Sunburn is a common problem in greenhouse or
shade house grown plants. It is also problematic in plants grown in open beds
or filtered sunlight in nurseries when these plants are transplanted into open
Those parts of the plant that have not been
acclimated to direct sun will burn easily.
Sunburned plants turn yellow. As the damage
progresses, the epidermis turns straw yellow and dies. Barrel cacti and
columnar cacti are verysusceptible to this kind of damage.The
entire plant usually does not die, but it is permanently scarred. Similar
damage occurs on
Y. aloifolia, Y. gloriosa,and Y. recurvifolia,
especially during summer months. The apex of the leaf or the area where the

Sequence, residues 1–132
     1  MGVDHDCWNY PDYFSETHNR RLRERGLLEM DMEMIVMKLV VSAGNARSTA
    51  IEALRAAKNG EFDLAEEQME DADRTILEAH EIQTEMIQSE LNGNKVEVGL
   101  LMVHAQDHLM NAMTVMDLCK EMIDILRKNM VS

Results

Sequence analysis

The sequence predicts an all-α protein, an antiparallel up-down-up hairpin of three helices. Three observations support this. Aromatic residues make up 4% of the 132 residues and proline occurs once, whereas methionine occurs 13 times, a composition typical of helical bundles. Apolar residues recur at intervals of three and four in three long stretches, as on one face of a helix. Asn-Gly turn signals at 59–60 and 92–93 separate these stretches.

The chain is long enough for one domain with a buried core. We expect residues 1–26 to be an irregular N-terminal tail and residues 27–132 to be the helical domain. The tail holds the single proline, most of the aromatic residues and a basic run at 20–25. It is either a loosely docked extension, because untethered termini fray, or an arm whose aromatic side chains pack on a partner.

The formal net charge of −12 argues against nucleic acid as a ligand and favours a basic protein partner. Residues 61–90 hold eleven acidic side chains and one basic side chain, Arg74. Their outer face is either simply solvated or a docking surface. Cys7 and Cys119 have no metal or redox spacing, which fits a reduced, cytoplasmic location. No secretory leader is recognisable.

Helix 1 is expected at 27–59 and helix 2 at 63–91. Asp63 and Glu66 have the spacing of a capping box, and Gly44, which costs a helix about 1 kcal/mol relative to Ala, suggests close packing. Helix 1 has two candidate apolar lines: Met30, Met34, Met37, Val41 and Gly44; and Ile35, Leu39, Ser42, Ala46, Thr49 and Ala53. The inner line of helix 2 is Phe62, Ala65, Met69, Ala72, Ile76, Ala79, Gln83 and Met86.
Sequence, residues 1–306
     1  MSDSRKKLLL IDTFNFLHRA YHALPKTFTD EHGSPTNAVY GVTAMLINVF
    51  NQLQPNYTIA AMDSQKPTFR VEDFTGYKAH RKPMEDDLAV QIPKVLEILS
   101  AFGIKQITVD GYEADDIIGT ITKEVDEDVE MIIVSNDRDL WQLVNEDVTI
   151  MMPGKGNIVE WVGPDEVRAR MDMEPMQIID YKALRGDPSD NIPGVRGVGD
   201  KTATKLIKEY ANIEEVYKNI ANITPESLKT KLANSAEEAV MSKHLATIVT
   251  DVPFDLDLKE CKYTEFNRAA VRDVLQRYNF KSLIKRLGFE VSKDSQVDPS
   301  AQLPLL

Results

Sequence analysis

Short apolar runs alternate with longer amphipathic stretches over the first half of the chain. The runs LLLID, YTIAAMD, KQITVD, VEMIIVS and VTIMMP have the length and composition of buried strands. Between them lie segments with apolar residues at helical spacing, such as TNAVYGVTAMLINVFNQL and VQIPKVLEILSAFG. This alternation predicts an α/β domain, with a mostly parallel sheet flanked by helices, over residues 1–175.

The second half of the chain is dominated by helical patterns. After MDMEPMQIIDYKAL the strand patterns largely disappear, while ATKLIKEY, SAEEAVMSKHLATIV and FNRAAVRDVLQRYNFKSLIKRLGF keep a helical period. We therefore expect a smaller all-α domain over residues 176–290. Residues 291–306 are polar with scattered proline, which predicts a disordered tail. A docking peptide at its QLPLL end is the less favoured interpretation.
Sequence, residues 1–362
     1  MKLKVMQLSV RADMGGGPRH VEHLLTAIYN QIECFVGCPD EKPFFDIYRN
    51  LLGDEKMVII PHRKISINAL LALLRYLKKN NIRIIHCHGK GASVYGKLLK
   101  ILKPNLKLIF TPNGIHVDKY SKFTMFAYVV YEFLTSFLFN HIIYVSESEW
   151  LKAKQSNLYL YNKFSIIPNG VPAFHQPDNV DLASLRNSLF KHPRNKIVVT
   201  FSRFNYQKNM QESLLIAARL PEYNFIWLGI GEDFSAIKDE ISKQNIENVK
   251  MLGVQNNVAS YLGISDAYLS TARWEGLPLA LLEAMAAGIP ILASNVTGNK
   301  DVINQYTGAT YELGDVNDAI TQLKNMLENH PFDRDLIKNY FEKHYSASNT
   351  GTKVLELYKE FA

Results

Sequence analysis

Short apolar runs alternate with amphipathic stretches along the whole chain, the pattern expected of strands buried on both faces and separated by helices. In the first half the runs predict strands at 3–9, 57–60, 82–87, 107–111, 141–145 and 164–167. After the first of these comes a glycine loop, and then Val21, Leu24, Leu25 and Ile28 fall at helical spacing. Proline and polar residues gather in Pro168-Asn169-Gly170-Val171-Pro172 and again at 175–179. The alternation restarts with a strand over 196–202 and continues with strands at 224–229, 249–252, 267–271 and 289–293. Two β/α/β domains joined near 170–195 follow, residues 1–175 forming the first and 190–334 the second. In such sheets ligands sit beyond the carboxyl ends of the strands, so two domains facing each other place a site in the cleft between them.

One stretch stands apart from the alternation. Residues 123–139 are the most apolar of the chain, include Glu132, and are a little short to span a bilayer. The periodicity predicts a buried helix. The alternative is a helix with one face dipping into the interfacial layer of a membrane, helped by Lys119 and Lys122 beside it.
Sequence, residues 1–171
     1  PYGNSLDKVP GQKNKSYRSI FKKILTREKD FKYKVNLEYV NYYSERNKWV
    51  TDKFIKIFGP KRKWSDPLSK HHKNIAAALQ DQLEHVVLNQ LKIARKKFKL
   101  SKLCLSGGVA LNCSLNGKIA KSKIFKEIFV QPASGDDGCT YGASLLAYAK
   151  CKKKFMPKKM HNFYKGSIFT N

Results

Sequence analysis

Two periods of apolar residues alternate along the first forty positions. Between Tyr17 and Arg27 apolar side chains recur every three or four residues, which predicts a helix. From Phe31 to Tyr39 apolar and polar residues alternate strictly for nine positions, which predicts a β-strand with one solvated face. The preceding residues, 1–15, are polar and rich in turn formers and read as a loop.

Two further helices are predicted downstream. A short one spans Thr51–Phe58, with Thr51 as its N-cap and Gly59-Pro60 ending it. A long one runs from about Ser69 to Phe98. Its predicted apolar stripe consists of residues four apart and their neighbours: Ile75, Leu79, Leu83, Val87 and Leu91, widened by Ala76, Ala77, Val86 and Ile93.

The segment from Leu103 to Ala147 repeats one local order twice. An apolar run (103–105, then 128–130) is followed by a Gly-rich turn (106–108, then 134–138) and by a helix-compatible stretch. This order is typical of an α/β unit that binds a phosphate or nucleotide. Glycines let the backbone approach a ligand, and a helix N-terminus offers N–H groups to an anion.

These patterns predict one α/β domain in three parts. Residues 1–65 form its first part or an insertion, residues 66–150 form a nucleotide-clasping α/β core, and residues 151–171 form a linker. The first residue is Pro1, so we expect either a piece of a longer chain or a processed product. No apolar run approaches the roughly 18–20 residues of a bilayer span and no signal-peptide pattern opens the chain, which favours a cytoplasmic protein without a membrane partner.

leaf naturally curves will become yellow. In severe cases leaves may die, but
if damage is not severe, they may recover at cooler temperatures.
Sunburn can be minimized in nursery-grown
plants by placing the plant in the same direction as it had been previously
growing. Many nurseries will mark one side of the plant so it can be
transplanted in the same orientation. Placing shade cloth (30%) or cheese cloth
over newly-acquired plants reduces sunburn. If possible, purchase locally grown
plants that have been grown in full sun or partial sun (depending on
the species) and acclimated to sunlight.
sunburn. Application of a mulch about two to
four inches (5 - 10 cm) deep will help retain soil moisture and reduce
reflected light and heat, but be sure the mulch does not cover the base of the
plant and create a moist environment for rot organisms.
Many species will benefit from partial or
dappled shade. By planting near a deciduous tree or shrub, the plant will be
protected from the summer sun and winter freezes.